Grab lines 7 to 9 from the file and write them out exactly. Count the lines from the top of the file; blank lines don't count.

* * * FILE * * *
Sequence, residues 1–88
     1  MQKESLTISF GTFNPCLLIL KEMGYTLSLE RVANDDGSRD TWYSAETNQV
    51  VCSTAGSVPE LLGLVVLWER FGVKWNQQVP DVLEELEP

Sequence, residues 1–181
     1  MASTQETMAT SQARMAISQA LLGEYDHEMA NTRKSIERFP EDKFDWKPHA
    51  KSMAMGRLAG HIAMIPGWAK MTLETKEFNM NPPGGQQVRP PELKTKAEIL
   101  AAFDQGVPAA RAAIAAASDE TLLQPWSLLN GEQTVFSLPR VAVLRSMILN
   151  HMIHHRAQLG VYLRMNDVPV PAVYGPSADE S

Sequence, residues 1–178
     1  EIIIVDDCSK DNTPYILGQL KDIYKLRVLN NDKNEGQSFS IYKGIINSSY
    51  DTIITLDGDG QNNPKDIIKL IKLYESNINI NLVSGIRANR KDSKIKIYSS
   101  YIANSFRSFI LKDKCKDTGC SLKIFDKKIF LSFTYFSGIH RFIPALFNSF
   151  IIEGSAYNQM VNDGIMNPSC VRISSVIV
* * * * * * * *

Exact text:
   101  AAFDQGVPAA RAAIAAASDE TLLQPWSLLN GEQTVFSLPR VAVLRSMILN
   151  HMIHHRAQLG VYLRMNDVPV PAVYGPSADE S

Sequence, residues 1–178